Securities and Exchange Commission Chairwoman Mary Jo White told the lawyers in attendance at the 47th annual Rocky Mountain Securities Conference, co-sponsored by the SEC and the Business Law Section of the Colorado Bar Association, that she was “proud of the progress” the SEC has made in reducing risk to investors in the asset management industry.
Litigation at the SEC has increased, with 755 enforcement actions in 2014, up from 676 in 2013. Of those, 166 were against broker-dealers and 130 were against investment advisors or investment companies. White said on Thursday, “As we get more aggressive, you’ve got to be prepared to litigate.”
She noted that considering the SEC’s limited exam resources, examiners have “worked miracles.”
White said that focusing on individuals rather than institutions was a better deterrent against wrongdoing, but added that the “tone at the top” needs to emphasize the importance of compliance through “constant messaging. It has to become the zeitgeist,” she said.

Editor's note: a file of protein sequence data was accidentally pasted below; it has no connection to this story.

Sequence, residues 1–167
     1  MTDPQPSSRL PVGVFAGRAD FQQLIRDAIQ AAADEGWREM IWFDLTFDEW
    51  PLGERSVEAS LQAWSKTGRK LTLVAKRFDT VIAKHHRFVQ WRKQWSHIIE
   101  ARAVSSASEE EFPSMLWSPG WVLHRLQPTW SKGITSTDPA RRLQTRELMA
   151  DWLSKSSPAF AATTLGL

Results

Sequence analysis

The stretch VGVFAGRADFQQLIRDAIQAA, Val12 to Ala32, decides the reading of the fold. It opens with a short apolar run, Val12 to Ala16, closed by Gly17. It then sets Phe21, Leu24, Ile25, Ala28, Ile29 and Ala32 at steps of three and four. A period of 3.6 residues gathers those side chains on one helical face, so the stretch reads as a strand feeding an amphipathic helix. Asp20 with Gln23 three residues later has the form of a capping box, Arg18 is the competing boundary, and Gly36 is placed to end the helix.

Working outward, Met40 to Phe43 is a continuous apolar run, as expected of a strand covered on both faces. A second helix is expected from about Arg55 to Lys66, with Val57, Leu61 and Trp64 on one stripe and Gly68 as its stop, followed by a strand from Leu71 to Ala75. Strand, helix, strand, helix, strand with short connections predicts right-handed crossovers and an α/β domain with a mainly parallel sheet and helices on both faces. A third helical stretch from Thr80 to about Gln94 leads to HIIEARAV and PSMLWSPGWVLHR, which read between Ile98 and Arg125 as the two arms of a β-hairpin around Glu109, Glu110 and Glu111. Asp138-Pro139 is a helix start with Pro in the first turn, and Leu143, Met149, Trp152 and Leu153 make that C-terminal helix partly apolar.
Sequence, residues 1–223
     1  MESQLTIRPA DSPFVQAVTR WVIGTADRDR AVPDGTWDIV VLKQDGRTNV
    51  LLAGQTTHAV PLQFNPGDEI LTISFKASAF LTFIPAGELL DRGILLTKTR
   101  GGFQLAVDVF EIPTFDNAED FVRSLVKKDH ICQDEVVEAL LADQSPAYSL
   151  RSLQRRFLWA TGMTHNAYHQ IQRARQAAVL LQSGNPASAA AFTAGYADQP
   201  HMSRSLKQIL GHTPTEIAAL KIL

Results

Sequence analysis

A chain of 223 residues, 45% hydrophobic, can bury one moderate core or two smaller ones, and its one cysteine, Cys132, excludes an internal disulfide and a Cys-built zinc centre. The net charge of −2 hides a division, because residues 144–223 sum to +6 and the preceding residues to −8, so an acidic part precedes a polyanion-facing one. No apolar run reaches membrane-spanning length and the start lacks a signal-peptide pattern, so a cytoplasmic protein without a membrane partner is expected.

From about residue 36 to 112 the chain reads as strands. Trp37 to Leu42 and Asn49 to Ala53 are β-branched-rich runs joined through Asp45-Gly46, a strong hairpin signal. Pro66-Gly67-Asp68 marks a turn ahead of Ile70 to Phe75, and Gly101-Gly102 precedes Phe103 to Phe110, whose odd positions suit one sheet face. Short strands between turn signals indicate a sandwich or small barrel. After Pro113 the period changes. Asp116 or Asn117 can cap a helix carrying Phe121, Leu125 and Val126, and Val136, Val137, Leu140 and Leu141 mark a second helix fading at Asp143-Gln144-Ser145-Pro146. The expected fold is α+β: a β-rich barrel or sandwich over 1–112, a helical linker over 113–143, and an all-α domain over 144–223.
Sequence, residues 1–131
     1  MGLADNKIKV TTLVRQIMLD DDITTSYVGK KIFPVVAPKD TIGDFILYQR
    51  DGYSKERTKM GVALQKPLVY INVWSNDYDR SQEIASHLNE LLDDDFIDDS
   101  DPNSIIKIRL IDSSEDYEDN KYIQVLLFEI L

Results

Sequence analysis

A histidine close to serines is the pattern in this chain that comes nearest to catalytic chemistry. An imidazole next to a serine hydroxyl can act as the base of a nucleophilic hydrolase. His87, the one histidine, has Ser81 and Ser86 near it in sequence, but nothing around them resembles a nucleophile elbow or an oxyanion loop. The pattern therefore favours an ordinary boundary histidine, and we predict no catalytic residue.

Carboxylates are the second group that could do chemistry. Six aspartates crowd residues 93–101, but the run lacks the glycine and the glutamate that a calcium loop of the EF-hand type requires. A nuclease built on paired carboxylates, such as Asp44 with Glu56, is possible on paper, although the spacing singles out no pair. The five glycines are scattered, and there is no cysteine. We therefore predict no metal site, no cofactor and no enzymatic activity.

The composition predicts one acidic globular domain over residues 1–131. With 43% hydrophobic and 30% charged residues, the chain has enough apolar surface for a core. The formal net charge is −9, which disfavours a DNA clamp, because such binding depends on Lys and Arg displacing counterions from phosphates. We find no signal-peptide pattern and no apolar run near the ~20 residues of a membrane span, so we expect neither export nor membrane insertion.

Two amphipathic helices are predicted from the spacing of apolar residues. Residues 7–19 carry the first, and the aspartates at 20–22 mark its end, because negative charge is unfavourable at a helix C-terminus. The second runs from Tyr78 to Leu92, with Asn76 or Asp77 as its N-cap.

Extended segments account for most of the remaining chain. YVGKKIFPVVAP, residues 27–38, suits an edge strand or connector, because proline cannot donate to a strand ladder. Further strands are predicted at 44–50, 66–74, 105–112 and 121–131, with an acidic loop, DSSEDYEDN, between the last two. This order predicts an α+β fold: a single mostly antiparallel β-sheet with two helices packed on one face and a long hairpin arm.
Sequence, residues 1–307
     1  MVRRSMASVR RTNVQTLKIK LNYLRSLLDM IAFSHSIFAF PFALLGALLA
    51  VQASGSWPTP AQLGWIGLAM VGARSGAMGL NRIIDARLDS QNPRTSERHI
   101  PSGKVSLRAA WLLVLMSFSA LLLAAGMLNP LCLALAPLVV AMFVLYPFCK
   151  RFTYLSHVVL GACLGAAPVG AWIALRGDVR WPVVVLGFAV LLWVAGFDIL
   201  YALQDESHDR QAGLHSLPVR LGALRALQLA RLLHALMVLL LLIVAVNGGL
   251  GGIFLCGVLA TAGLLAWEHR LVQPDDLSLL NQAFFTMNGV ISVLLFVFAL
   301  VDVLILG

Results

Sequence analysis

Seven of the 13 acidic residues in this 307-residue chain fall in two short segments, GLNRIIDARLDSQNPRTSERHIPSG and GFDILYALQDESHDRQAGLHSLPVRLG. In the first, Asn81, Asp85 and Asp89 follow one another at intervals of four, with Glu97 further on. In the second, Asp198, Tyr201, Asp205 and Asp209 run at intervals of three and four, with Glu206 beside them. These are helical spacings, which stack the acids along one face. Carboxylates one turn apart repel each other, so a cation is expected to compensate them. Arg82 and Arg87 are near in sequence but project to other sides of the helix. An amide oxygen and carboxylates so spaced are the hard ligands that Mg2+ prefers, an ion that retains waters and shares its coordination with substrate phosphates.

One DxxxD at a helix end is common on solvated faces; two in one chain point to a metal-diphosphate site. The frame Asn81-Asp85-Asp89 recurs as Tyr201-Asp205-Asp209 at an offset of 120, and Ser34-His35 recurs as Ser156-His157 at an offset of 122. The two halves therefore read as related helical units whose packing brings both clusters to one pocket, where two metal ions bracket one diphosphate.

Andrew Ceresney, director of the SEC’s division of enforcement, said in a separate panel that taking action against individuals was harder due to jurisdiction and evidentiary burdens.
Although technology resources have improved at the SEC and the agency has more data to work with in examining advisors, White emphasized the importance of experienced staff. She said technology needs examiners who can exercise judgment on what the data is showing and “what it means.” She said, “Technology will always require the judgment of examiners.”
Still, she said the SEC’s near-term initiatives included gathering more data on registrants and applying it in more useful ways. Other initiatives include a focus on transition planning to ensure that firms are doing all they can to protect their clients if the firm changes hands.
In the enforcement panel, Ceresney said it’s a “great time to be in enforcement” due to the supportiveness of Mary Jo White as chairwoman and the other commissioners.
He noted the increasing number of enforcement cases and said that’s “not going to let up” in the next few months.
Ceresney recommended that when firms discover wrongdoing they consider self-reporting. He said people are beginning to recognize that if “you don’t tell us, we’ll probably hear about it from someone else.”